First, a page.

Leave the hotel around 7am after a coffee and croissant. We will walk from the centre of the city to the outskirts as the sun rises. It’s early Sunday in Spain, there will be nobody but pilgrims up and about. Around 9, we will reach La Virgen del Camino (Pop. 3,100) where Stu will have Desayuno Dos (Breakfast #2). We will strike on, having naturally moved from warm-up speed to cruising-speed. 3 hours or so will take us to Villadangos del Paramo. This is a “stop” in the most popular guidebook, so many pilgrims will be rushing here to try to get a bed in the “best” hostel. We will stop for lunch – probably a sandwich and a cold beer with our shoes and socks off.

Rested, we will set off for a destination, Hospital de Orbigo, which is another couple of hours up the road. All things being equal, we will arrive at our hotel at 3, 4 o’clock. We’ll check in, shower, change and get our dirty clothes washed and dried (or hung up). Then, to a bar with a decent terrace, phone home, write our journals and reflect on a good day. We’ll find dinner, laugh and joke with some fellow pilgrims and then hit the sack.

The next five days will follow the same pattern. Simple.

Packing

Now that we have settled into this routine, packing is easy for Camino IV. In the morning, I am wearing boxers, socks, shorts and a t shirt. I have a warm layer and a waterproof if I need them. In my bag, there’s another set of boxers and socks, some lightweight jogging pants, and another t shirt. Flip flops, some wash kit, first aid kit, charging leads for watch and phone, journal kit and guide book. That’s pretty much it.

The joy of the camino is its simplicity.

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Going Solo. 12. MTI

MTI stood for Money Transfer International (UK) Ltd. It was a placeholder while we were writing the business plan. We forgot to change it.

Cyprus

As Lime, I was consulting to a Cypriot group that was the MoneyGram super-agent in Cyprus. I had managed a super-agent in Central Europe for the market-leader in money transfer, Western Union.

It became apparent to me that Moneygram was mounting a challenge to Western Union and that there might be opportunity beyond Cyprus. I discussed this with my friend and ex-colleague, James. Together we approached MoneyGram in the headquarters of their European operations, in London.

Long story short, Moneygram appointed MTI as a super-agent for the UK. MTI consisted of James and I, a few silent shareholders and a business plan. We took an office in London (I phoned my now-wife and asked her if she could find me a flat as I was moving to the UK in ten days) and bought ourselves laptops.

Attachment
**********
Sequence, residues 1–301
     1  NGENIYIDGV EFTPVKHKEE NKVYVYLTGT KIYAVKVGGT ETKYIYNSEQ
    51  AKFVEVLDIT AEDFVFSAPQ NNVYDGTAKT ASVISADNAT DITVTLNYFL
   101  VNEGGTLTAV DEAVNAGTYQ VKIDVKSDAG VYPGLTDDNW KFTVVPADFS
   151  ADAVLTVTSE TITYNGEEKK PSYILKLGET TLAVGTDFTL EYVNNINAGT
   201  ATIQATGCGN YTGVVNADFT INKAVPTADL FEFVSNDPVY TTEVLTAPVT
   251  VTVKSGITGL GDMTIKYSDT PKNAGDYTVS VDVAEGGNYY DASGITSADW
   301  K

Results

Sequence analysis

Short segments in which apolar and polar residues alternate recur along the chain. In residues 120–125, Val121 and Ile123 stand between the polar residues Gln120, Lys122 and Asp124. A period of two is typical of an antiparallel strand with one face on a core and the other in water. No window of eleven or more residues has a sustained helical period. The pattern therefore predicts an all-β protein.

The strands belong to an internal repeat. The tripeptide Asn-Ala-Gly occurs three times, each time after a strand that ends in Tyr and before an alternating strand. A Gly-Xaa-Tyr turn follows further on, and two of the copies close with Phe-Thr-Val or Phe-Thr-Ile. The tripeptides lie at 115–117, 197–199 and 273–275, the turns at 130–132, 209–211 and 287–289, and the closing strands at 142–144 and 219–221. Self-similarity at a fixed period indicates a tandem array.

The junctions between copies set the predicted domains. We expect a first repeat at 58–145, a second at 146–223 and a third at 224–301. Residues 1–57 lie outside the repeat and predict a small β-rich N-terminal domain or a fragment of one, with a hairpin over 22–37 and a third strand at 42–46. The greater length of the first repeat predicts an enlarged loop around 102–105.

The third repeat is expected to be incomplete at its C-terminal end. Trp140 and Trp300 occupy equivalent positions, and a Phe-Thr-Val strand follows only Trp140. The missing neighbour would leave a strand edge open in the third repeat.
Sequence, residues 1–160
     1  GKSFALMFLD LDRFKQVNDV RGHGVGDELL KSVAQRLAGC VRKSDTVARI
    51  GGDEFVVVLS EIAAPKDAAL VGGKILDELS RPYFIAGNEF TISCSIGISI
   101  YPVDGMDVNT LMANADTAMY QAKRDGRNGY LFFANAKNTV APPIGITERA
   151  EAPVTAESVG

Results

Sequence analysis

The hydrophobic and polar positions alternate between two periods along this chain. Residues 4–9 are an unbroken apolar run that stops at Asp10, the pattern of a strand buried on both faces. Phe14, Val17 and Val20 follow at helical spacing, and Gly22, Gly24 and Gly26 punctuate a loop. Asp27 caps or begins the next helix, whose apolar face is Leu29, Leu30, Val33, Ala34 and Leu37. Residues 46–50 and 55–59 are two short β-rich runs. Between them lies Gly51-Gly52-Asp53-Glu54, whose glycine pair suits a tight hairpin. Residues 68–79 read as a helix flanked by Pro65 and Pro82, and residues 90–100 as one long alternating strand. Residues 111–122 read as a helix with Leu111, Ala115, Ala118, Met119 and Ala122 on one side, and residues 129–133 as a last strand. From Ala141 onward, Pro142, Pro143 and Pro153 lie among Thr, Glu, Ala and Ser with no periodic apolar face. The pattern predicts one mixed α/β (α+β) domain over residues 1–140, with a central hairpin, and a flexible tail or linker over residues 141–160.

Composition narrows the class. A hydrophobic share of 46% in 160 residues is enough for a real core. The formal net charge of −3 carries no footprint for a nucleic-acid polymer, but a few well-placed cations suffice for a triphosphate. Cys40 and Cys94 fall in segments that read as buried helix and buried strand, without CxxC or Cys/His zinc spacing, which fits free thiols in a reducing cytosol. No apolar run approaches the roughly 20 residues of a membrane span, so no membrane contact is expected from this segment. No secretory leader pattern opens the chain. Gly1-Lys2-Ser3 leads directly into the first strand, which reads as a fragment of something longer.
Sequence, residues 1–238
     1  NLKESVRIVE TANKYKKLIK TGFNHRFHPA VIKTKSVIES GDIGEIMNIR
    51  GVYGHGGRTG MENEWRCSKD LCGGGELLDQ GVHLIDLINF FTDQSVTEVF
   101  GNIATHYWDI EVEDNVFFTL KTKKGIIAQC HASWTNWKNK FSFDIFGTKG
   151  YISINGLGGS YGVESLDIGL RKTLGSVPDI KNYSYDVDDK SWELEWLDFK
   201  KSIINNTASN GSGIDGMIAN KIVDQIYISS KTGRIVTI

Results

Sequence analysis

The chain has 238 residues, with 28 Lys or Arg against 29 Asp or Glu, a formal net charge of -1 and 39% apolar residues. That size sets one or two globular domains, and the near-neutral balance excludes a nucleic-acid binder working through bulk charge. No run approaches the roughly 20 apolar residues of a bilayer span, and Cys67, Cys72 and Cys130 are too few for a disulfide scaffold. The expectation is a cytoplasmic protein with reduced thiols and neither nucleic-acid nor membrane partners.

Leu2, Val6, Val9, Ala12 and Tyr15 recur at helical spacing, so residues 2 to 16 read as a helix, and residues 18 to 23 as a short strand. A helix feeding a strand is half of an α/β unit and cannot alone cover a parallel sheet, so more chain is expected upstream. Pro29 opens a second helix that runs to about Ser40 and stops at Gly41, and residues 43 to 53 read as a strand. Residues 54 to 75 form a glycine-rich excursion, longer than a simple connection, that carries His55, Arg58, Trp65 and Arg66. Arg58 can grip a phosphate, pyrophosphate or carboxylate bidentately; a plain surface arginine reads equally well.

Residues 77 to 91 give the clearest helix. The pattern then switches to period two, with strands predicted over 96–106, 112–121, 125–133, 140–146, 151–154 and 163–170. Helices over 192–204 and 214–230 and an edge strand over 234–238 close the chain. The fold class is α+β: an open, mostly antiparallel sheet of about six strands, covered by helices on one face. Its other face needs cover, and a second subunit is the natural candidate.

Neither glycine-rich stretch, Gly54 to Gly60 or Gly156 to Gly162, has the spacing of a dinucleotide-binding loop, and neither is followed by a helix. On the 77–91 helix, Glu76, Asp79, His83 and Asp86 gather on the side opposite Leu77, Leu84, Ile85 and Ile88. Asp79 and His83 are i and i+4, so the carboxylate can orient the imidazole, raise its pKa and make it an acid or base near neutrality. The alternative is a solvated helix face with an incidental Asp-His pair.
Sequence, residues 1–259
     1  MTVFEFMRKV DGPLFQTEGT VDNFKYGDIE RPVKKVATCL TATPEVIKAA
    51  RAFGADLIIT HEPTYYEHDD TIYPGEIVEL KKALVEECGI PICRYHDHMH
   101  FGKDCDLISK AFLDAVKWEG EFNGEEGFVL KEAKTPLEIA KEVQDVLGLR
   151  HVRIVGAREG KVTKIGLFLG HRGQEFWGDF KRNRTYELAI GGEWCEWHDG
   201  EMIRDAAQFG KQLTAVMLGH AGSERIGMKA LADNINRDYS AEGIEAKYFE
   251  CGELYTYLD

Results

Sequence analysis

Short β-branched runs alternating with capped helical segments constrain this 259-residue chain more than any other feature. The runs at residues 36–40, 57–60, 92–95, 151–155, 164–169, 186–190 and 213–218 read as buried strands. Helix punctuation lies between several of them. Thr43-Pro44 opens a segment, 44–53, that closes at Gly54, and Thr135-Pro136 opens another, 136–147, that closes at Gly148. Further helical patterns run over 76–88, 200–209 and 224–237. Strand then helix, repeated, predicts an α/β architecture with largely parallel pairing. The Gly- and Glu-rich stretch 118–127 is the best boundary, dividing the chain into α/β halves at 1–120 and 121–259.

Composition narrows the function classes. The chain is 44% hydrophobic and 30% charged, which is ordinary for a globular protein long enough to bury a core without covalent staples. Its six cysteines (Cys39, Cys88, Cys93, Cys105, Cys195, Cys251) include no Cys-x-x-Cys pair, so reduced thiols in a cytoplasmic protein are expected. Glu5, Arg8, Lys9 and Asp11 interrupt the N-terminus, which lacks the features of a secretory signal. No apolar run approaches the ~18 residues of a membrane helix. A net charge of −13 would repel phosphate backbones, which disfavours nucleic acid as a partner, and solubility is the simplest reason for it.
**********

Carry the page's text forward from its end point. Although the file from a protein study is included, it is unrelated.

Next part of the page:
London

James and I built MTI from the ground up. We were Sales, Marketing, Compliance, Finance and Admin, as well as anything else that needed doing.

It was our ambition to be debt-free. James has a cost-control instinct that borders on ruthlessness, and it served us well. We under-estimated how long it would take the company to become generative, so after two months, we halved our salaries.

Simplicity

Our competitors completed detailed thorough research on how best to recruit retailers.

We recruited retailers.

Competitors recruited debt collectors and lawyers to reduce bad debt.

We escorted bad debts to their banks and took our money there and then.

Success

We met some dodgy people, we met some wonderful people. We worked very long hours, long days and weeks. The business made us laugh and cry, sometimes in the same day. We fought like cat and dog at times, but allied, we were an irresistable force.

For 10 years we worked and built a significant multi-national company that kept us well. The time came when we foresaw that our interests were diverging from those of our principal, MoneyGram, and we agreed to sell to them.

We both went to lie down in a dark room for a while.

Then, I decided to write for a living…

Next week, Paperback writer.

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Members 37. Wild East 9. Czech Mate

The Czech Republic is an extraordinary place. Over 10 years, I was based in Prague for 5 or so.

Full of wonder, misplaced confidence, and beer, my friends and I owned the Czech Republic, or thought we did. We referred to Prague 1 (the centre), as Wonderland. The architecture, the cobbled streets, and the legions of tourists lend themselves to descriptions of Disney.

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Living the Dream -62. Connectivity

Broadband